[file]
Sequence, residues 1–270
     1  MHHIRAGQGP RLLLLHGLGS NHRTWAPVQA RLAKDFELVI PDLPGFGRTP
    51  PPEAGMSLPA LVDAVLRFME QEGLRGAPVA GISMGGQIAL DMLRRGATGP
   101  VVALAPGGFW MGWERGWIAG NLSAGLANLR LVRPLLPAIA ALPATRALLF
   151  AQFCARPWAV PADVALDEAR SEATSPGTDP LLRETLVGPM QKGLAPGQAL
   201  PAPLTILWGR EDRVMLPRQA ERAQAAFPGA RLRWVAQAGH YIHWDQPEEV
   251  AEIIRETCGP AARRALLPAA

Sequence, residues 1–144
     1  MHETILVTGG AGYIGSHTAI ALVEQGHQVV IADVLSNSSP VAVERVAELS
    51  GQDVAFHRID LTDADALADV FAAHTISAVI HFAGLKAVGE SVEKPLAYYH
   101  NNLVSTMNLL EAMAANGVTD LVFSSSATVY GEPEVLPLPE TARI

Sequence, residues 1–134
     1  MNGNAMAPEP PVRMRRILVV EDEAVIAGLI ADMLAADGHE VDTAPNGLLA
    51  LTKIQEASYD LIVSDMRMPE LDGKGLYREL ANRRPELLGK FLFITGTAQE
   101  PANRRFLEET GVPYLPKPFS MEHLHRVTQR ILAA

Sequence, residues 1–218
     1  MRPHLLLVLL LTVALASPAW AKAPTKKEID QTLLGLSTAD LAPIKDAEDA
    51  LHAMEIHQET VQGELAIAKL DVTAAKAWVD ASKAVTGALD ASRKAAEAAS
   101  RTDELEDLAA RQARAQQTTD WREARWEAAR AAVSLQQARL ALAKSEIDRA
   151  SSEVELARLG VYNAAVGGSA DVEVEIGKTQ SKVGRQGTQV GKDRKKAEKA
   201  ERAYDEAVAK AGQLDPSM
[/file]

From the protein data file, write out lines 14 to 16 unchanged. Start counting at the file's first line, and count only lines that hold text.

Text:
    51  LTKIQEASYD LIVSDMRMPE LDGKGLYREL ANRRPELLGK FLFITGTAQE
   101  PANRRFLEET GVPYLPKPFS MEHLHRVTQR ILAA

Sequence, residues 1–218